April 5, 2021
In the pandemic, University of Vermont research expenditures hit record levels in 2020—up 41% to $191 million—to provide a crucial boost to Vermont’s economy during COVID-19.
The total was reported in UVM’s annual 2020 National Science Foundation Higher Education Research and Development survey and is the largest in the university’s history. It eclipses the previous record of $136 million by a wide margin, and is a key contributor to UVM’s overall $1.3 billion annual economic impact.
The expenditures flow from a range of sources, including over 650 research awards in 2020 targeting urgent societal needs across UVM’s two strategic research areas —“healthy societies” and “a healthy environment”—as outlined in the university’s strategic vision, Amplifying Our Impact.
“UVM researchers have shown their true mettle by exhibiting their excellence and dedication in pursuit of life-changing discoveries demanded especially during these difficult times,” said UVM President Suresh Garimella. “This tremendous growth in research—which benefits our community and our collective future—speaks to UVM’s strength and resiliency. And it showcases our commitment as Vermont’s flagship university, to seek solutions for the state, the nation and the world.”
Researchers garnered global attention for a range of UVM discoveries, from the creation of Xenobots, the world’s first living robots, to urgent new findings on Greenland’s ice sheet’s vulnerability to climate change. In total, UVM attracted 39 research awards of $1 million or more in 2020, including $10.4 million to study rural addictions, $8.4 million for sustainable agriculture research, and $2.2 million to address global infectious diseases. [Explore 2020 research awards.]
UVM has made significant investments in research infrastructure and systems to support scholars and streamline research proposal development, from adding grant writers to upgrading UVM’s supercomputing cluster. Seed grants, which help scholars to compete for larger external grants, also expanded. For example, the Gund Institute for Environment’s seed grant program has a 12-to-1 return on investment over three years.
“Research is central to what makes UVM a world-class institution,” said UVM Vice President for Research Kirk Dombrowski. “This growth in research is due to the success of UVM’s exceptional research community—faculty, postdocs, students and staff—in attracting funding and partnerships with government, industry and non-profit organizations for the pursuit of leading-edge discoveries and innovation.”
In 2020, UVM’s largest funders were federal agencies (nearly $100 million), particularly the National Institutes of Health, the National Science Foundation, and U.S. Dept. of Agriculture. This includes $7.1 million to address the COVID-19 crisis. Other major funders included: non-profit organizations ($8.5 million), the business sector ($3.6 million) and state government and local agencies ($1.1 million).
The Larner College of Medicine had the largest number of grants, but research awards were spread across UVM, including the College of Agriculture and Life Sciences, College of Arts and Sciences, Rubenstein School of Environment and Natural Resources, College of Engineering and Mathematical Sciences, College of Education and Social Services, and College of Nursing and Health Sciences.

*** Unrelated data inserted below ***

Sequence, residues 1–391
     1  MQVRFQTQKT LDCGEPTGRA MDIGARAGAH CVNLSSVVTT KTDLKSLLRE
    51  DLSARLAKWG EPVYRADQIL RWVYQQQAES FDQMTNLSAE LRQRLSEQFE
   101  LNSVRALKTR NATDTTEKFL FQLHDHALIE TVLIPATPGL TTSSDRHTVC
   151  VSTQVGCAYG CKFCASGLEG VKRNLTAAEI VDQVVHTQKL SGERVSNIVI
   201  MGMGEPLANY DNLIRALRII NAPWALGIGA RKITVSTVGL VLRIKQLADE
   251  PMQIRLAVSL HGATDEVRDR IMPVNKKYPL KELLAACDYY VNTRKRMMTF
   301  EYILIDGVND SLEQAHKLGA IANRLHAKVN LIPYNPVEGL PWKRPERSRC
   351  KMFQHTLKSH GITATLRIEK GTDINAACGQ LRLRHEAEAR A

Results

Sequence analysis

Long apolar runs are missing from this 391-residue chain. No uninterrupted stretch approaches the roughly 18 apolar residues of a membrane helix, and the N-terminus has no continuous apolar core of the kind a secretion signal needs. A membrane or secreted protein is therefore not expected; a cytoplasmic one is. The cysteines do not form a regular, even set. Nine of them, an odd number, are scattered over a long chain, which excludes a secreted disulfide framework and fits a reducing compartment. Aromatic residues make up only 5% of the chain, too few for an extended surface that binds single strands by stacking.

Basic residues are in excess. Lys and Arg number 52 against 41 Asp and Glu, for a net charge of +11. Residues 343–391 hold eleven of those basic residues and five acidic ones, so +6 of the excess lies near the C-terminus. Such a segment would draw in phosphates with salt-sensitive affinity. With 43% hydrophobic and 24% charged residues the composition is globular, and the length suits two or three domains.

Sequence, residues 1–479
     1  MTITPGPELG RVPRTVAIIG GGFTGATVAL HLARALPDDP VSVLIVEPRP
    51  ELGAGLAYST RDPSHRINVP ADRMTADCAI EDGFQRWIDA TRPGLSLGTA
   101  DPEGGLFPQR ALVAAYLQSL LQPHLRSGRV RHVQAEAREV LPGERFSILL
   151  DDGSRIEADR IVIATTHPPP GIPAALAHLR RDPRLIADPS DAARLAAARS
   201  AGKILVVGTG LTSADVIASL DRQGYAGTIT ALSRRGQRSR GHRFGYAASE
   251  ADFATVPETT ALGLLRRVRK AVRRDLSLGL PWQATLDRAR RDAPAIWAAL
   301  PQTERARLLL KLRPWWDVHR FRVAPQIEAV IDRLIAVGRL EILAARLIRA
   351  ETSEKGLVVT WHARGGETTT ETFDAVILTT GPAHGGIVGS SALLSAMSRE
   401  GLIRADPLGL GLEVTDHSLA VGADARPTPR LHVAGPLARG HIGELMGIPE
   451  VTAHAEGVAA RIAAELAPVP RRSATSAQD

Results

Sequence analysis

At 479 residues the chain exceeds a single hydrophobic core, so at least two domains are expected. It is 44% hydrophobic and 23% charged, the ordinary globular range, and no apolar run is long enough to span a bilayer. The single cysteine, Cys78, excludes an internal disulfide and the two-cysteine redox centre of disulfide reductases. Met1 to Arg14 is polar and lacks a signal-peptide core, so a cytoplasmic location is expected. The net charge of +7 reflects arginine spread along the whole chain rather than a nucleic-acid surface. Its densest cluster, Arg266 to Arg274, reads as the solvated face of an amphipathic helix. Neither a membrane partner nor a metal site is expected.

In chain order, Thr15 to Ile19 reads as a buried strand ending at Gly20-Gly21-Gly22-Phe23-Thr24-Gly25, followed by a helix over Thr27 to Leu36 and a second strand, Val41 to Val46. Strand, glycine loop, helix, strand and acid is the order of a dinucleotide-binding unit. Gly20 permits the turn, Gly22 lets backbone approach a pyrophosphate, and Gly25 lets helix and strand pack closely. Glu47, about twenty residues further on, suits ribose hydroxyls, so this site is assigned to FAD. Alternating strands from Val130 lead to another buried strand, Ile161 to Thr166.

Bringing skilled jobs to Vermont
The pandemic presented researchers with significant challenges. When COVID-19 hit, UVM quickly established COVID-19 Guidelines for Research for the safe continuation of the majority of campus research, and worked to reopen labs as early as late Spring. Still, global travel restrictions forced many scholars to adjust research plans, particularly for international research.
Despite these challenges, the role of research in Vermont’s economy remained substantial. The largest category of research expenditures—nearly $98 million—supported skilled employment in Vermont, including salaries and benefits for 2,300 faculty, students, technicians and other staff involved in research.
Towards “Research 1”
As UVM seeks to become a top tier research university, one key area of growth was research expenditures in non-STEM areas—including the humanities, social sciences, business, education—which grew to $12.3 million in 2020, also a record. Dombrowski said this growth is important as UVM prepares in the years ahead to apply for Carnegie Research 1 (R1) status, which would bring recognition, funding and other benefits to UVM and the state.
“Research benefits society and provides huge opportunities for our students,” said Dombrowski, who joined UVM in 2020. “To see our research efforts growing so significantly—and to watch our strategic investments so clearly bearing fruit—is extremely gratifying. I know that everyone in the Office of Research is proud of what the University has been able to accomplish during such a difficult year.”
Since 1791, the University of Vermont has worked to move humankind forward. UVM’s strengths align with the most pressing needs of our time: the health of our societies and the health of our environment. Our size—large enough to offer a breadth of ideas, resources, and opportunities, yet intimate enough to enable close faculty-student mentorship across all levels of study—allows us to pursue these interconnected issues through cross-disciplinary research and collaboration. Providing an unparalleled educational experience for our students, and ensuring their success, are at the core of what we do. As one of the nation’s first land grant universities, UVM advances Vermont—and the broader society—through the discovery and application of new knowledge.
UVM is derived from the Latin “Universitas Viridis Montis” (University of the Green Mountains)